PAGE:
Code4Lib 2014: Day 2 Afternoon

Afternoon presentations on Day 2 afternoon of Code4Lib 2014.

Bulding for others (and ourselves): the Avalon Media System Michael B. Klein and Julie Rudder

Avalon allows you to injest and provide access to video and audio.

Community Feedback is Important!

Added LTI (Learning Tools Interoperability)

Sorry, you’ll have to look at (hopefully posted) notes/slides. Someone was getting me to help them with something and I didn’t get the write notes.

Sustaining your Open Source project through Training – Bess Sadler (and Mark Bussey)

Training is about sustainability and also vital to our mission as libraries.

Allows new people to join the community, regardless of whether it’s open source. It’s a starting place for developers, but also need it for other people e.g. data managers

Training for Teams

e.g. Hydra Camp taught by data curation experts
* crucial for new users, but also sustaining because need regular skills updating
* skills upgrading frequently outside of work hours

Women doing Open Source Development

Tech services women frequently have the kind of right mindset, but do not have the time to upgrade their skills outside of work.

> We’ve got a pipeline problem
RailsBridge is one example. Great learning tool, intentionally mimicked when doing Hydra tutorial.

We started the code4lib in order to learn and teach each other. We provide structured workshops, but the more important part is the collaborative community we’ve developed where we are free to ask questions and admit that we don’t know something.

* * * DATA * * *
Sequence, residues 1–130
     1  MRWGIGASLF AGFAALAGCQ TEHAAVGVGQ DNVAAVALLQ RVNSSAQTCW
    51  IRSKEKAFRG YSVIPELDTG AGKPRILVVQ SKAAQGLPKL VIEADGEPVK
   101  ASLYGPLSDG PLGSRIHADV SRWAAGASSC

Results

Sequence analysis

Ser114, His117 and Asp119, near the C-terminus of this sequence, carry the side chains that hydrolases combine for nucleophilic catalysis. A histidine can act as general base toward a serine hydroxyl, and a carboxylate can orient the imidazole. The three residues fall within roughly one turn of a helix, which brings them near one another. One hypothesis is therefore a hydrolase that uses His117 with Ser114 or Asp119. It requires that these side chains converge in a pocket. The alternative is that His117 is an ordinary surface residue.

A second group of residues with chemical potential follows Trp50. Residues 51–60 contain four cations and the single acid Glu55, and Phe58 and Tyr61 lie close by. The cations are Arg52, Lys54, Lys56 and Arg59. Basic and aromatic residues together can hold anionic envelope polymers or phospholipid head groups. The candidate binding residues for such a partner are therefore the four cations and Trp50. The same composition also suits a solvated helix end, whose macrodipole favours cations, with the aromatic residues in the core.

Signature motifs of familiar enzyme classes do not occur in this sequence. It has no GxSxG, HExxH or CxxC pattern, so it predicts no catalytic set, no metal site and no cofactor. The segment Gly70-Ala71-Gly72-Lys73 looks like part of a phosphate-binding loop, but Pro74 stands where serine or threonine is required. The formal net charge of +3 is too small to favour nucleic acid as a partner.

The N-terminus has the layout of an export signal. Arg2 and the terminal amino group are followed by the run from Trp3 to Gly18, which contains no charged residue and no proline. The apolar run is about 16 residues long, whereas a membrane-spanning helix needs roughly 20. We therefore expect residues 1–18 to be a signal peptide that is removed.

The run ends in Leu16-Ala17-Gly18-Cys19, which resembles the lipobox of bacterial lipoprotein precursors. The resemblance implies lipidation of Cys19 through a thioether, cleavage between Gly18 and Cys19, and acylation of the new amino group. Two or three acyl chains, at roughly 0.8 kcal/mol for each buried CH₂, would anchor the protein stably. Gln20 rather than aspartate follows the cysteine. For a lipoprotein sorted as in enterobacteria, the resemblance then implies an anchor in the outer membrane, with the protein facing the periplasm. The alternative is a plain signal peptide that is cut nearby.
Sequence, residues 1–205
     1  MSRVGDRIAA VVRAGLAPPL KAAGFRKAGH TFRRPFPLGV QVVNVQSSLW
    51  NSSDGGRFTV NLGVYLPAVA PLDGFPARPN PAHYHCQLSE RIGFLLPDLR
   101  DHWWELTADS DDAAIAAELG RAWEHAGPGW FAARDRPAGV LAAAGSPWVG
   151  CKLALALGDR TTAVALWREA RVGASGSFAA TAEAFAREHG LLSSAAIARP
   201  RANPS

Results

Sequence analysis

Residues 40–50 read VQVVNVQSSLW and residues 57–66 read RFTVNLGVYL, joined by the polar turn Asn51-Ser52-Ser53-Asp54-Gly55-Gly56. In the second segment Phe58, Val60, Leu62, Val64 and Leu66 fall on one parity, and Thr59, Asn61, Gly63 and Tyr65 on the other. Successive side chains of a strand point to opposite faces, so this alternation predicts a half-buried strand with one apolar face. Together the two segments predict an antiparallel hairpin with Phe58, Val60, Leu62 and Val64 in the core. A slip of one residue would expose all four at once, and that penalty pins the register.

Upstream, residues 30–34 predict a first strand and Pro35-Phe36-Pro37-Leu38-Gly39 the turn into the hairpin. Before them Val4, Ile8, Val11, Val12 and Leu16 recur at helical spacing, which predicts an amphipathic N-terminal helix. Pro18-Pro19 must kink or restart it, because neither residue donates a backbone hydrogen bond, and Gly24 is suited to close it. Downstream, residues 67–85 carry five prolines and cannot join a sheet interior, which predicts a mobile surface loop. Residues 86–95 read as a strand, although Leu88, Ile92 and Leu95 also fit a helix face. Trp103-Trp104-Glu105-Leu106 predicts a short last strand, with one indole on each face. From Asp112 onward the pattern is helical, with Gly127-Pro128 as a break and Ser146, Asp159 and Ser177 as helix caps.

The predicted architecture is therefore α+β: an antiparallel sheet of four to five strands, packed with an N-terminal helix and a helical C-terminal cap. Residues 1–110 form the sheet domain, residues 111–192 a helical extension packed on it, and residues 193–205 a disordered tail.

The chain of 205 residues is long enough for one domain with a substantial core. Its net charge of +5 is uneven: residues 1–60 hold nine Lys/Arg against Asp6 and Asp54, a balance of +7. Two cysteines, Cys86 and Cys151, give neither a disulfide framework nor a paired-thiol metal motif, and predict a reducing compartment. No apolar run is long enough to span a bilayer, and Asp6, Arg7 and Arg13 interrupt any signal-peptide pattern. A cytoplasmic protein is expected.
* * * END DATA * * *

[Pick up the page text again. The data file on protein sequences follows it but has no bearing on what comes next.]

Behold Fedora 4: The Incredible Shrinking Repository! – Esmé Cowles


UCSD doesn’t use Fedora. Has own DAMS repository with partial clone of Fedora 3 API.

It’s the plumbing in our system. Need to open the pipes to see that things are doing well. Everyone to contribute, not just coders.

A reusable application to enable self deposit of complex objects into a digital preservation environment – Jill Sexton, Mike Daines, and Greg Jansen

“The Forms App”

The Problem

Often use web forms to initiate user content submissions, but rarely suites the needs of what we’re actually trying to ingest.

We can do better by making it more specific and multiple objects.

Collecting multipart works as much as 20 pieces including images, videos, audio, PDF documents.

Each piece need description. Need creators to upload and describe their own work.

The collection owner should help design submission form, but balance customization and practical application.


App and lets non-programmers develop web forms and map lain text labels to MODS elements. App presents custom forms to users.

All students successfully submitted their theses each included with supporting files, all with metadata.

How it Works

Student/Collection Owners deposit into App –SWORD–> Ingest Service

Turn user input into SIP. Form definition tells what fields want to display. Form fields are linked with metadata. The package is serialized.

Metadata Templates depending on the task (e.g. add author).


Breakout Sessions

[group of owls looking up]

Organic Free-Range API Development – Making Web Services That You Will Actually Want to Consume – Steve Meyer and Karen Coombs

We build a lot of APIs. Talking about APIs as HTTP requests somewhere.

Let people innovate from your own data, but APIs used to mask dirty laundry.

Your clients will judge you on well you model your data.

Standards should be used for when community can easily understand what you’re doing. Standard is made to work with every ILS.